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Sequence of Rigging and Attaching Sails to Yardarms


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Hello, Never built a sailing ship!!!!!!!  Have completed the wooden hull, deck, masts. Have rigged the shrouds and ratlines. My question is what sequence should I do now and how do I attach sails to yardarms. Thank You. Very respectfully, Rich

I am working on USS CONSITUTION 1797 Wooden Model Ship.


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Work from the deck up and from the bow out. Masts and bowsprit consist of three or more individual units that rise one upon the other getting more slender as they stack up farther from the deck. All these parts have specific names and all the rigging that will go on the spars also have individual names- and on the real ship they all performed specific functions. Its going to be very difficult to learn all this but on the other hand if you get some ship model building books you will find all the information there. Plus there are a LOT of build logs here on Model Ship World that go from a bare hull to a completed ship, most of these with step by step photos with detailed written comments. There are a LOT of USS Constitution build logs to chose from and you will have no trouble at all finding photos of every step of the rigging process.




 Niagara USS Constitution 


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Short Guide to period ship model rigging.

After hull finishing and mast installation is time for „spider works” it is rigging.

All belaying racks , cleats must be already installed also is recommended to install eye bolts on ship decks or drill holes for it .

My sequence is:

1.Standing rigging – stays , shrouds, backstays, bowsprit standing rigging. I start with this works from foremast down shrouds and proceed going up and next to stern.

With proper tension of shrouds, stays and backstays position of mast is adjusted.

This is very important to control position of masts using plumb-line.

2.Yards furnishing. I install blocks and standing rigging on yards as also yard’s truss or parral. After fully furnishing of yards is time for attaching sails and running rigging: lifts, clew lines, leech and bunt lines, reef tackles

Next is time for attach sails to the yards.

3. Yards with sails are installed on masts and required running rigging  is made -  from topmast sails going down.

4. Remaining running rigging is installed: sheets and tacks, braces.

With proper tensions of sheets, tacks and braces the yards are shifted into

required position.

Tension of bowlines can help form bunt of sails.


Foto 1-9 Rigging workshop and jigs

Foto 10-12 Deadeyes tyig and jig

Foto 13 Ratlines tying with use of upholstery needle and stencil.

Foto 14-16 Yards and sails ready for "weddin"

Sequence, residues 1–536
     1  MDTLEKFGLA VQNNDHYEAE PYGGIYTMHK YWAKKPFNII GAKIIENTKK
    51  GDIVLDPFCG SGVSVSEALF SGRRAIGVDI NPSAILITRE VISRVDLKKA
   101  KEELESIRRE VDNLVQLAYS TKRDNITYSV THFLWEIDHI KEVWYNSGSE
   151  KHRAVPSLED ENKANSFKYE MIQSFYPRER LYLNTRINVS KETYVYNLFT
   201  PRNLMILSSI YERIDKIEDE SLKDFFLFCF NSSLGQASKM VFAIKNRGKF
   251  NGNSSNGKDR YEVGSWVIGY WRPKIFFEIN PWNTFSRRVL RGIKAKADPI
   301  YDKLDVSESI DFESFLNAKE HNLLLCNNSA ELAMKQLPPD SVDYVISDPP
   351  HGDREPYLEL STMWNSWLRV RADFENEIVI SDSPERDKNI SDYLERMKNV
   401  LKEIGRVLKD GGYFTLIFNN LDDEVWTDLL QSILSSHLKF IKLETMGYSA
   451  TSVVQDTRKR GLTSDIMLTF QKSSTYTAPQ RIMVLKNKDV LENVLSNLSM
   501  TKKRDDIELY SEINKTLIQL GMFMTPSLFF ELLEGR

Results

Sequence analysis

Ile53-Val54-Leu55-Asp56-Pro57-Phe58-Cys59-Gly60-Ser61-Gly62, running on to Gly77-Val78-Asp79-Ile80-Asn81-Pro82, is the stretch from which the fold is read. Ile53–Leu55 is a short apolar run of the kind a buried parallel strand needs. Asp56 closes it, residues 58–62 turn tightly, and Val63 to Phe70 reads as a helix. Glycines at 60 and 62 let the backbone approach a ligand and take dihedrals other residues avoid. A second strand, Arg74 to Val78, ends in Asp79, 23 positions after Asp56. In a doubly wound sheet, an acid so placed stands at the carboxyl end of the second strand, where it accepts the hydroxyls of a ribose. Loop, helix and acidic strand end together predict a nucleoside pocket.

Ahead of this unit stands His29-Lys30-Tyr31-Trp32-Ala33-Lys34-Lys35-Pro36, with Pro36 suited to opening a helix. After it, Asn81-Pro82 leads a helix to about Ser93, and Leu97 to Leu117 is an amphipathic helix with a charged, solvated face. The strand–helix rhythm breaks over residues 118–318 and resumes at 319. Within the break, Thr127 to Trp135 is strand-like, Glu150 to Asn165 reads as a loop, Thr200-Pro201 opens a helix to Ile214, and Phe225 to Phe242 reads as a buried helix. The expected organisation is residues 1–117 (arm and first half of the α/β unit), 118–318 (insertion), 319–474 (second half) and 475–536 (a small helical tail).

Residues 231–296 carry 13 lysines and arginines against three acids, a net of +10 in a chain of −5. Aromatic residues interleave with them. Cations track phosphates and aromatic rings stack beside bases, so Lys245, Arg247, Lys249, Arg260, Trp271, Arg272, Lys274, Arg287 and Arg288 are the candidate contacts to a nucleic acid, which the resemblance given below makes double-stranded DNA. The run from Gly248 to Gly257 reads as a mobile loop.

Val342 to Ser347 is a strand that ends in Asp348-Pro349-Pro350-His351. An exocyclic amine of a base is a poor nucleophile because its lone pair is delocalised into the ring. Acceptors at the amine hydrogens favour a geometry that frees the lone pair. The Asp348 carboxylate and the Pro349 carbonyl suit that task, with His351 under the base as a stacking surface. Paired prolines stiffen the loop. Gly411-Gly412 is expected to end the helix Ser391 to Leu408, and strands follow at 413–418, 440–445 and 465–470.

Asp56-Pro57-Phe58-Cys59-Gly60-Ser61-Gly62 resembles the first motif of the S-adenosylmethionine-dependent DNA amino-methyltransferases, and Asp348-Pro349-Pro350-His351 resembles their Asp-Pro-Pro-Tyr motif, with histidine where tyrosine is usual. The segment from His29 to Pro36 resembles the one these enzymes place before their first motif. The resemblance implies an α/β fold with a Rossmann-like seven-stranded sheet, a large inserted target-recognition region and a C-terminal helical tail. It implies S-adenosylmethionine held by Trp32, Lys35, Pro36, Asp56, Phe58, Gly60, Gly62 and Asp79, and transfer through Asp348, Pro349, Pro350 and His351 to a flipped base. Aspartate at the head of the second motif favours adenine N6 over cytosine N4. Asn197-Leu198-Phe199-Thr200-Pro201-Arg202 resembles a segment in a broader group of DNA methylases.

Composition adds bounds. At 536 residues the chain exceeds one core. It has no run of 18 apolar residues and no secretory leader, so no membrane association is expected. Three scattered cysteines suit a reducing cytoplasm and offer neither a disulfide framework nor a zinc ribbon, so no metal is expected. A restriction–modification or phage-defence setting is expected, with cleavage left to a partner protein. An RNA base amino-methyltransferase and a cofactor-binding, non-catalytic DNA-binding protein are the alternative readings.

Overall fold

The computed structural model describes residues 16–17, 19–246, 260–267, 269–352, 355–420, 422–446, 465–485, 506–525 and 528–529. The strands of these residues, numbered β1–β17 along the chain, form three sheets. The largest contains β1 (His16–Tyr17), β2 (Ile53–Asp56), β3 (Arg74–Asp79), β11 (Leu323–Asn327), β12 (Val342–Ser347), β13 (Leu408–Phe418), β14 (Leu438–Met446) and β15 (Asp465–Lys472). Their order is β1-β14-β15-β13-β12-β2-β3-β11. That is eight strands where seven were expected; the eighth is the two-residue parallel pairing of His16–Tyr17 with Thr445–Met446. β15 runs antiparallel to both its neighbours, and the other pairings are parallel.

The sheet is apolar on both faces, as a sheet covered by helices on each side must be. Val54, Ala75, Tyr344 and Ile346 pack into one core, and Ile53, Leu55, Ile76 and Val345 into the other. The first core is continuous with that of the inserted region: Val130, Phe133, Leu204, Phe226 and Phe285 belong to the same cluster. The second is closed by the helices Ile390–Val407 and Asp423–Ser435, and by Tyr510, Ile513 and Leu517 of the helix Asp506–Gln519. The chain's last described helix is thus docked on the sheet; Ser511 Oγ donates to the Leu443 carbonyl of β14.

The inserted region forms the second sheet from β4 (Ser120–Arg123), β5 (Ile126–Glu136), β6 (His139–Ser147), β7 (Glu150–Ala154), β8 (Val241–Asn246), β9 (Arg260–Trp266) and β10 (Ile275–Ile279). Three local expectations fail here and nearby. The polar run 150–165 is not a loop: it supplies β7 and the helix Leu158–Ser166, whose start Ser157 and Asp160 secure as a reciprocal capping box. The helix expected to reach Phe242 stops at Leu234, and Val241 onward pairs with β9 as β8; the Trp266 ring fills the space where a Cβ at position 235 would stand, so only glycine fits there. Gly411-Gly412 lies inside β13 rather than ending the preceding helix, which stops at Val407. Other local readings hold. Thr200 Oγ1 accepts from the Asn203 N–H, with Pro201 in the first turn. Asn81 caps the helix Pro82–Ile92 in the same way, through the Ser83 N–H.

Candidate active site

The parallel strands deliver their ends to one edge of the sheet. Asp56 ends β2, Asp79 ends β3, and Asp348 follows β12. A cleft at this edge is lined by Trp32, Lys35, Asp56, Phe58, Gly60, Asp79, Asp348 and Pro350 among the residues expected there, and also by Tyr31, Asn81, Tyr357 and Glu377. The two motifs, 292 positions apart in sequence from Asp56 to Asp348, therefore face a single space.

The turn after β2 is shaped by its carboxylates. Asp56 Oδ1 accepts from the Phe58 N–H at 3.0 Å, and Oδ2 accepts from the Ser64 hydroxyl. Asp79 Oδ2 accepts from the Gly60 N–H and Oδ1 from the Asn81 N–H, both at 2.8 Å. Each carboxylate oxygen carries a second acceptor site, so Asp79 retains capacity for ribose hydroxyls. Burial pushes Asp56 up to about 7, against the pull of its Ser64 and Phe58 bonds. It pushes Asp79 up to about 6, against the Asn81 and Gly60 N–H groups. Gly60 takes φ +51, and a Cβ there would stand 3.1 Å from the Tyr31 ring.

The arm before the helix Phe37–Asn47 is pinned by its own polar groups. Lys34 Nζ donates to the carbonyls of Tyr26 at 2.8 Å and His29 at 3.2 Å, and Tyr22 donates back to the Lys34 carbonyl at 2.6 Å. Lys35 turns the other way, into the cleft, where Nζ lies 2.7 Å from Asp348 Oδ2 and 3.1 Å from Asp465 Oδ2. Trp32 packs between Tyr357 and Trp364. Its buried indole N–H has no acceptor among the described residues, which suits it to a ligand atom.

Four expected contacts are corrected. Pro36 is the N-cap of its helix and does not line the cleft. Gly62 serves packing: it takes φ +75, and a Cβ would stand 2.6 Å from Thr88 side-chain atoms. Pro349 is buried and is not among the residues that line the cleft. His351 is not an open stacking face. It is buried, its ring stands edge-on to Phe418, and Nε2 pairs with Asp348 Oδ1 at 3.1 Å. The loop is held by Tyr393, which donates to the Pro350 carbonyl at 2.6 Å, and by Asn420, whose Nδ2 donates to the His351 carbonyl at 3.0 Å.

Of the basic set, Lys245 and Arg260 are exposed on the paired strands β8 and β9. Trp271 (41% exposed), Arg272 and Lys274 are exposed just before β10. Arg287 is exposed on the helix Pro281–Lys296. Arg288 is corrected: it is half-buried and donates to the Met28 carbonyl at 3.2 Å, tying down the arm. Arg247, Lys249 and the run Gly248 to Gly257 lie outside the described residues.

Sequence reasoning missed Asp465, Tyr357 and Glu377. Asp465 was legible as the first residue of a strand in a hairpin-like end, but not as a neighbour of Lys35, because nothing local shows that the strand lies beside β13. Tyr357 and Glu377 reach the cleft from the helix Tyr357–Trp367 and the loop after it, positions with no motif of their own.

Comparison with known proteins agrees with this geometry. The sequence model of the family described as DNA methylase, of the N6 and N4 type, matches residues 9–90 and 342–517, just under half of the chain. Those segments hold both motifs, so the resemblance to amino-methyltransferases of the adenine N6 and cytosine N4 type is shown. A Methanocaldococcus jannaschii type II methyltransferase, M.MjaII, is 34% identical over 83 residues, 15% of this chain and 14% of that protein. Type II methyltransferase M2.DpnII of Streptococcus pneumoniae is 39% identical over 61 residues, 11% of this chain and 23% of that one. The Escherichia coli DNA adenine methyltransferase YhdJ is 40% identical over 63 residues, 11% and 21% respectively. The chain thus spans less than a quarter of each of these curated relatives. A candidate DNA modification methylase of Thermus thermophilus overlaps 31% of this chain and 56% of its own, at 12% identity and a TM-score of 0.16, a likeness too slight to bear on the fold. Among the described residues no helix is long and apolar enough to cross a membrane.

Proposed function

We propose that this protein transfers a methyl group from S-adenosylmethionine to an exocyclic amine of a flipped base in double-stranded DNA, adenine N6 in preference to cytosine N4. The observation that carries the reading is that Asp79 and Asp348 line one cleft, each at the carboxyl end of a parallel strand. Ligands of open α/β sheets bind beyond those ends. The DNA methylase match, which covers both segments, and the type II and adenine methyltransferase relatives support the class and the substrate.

Foto 16-18 Jigs for blocks tying and tackle made


Recommended books:

Rigging Period Ship Models by Lennarth Petersson

Rigging Period Fore-and-Aft Craft  by Lennarth Petersson

Historic Ship  Models b y Wolfram zu Mondfeld























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Welcome to the forum. Who is the model manufacturer's you are building? The davits look like it might be the Constructo? Each model has it's own strong and weak points. If we know the manufacturer it narrows things down a bit. 

Edited by robnbill


Chantilly, VA


Its not the size of the ship, but the bore of the cannon!


Current Build: Scratch Build Brig Eagle


Completed Build Log: USS Constitution - Mamoli

Completed Build Gallery: USS Constitution - Mamoli


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You and Rich (Hipexec) are building the same model. I just finished the Mamoli version. Most people here are building the Model Shipways version. However, if you follow the logs you will see that everyone has a slightly different take on how they like to do the rigging. I would read the logs and see which way you want to do it.


There are also a number of good books on the subject. Tadeuz listed most of them. I would also add "The 44-Gun Frigate USS Constitution, "Old Ironsides" (Anatomy of the Ship)" by Karl Heinz Marquardt. There are a number of mistakes and inconsistencies in the AOS but it makes a good reference point along with all the other references on the ship. Of course the Navy site and the museum website are also great sources of information. 


She is a fun ship with a great history and the first one that I really  rigged. Luckily for me the Mamoli plans walked me step by step through most of it.


Chantilly, VA


Its not the size of the ship, but the bore of the cannon!


Current Build: Scratch Build Brig Eagle


Completed Build Log: USS Constitution - Mamoli

Completed Build Gallery: USS Constitution - Mamoli


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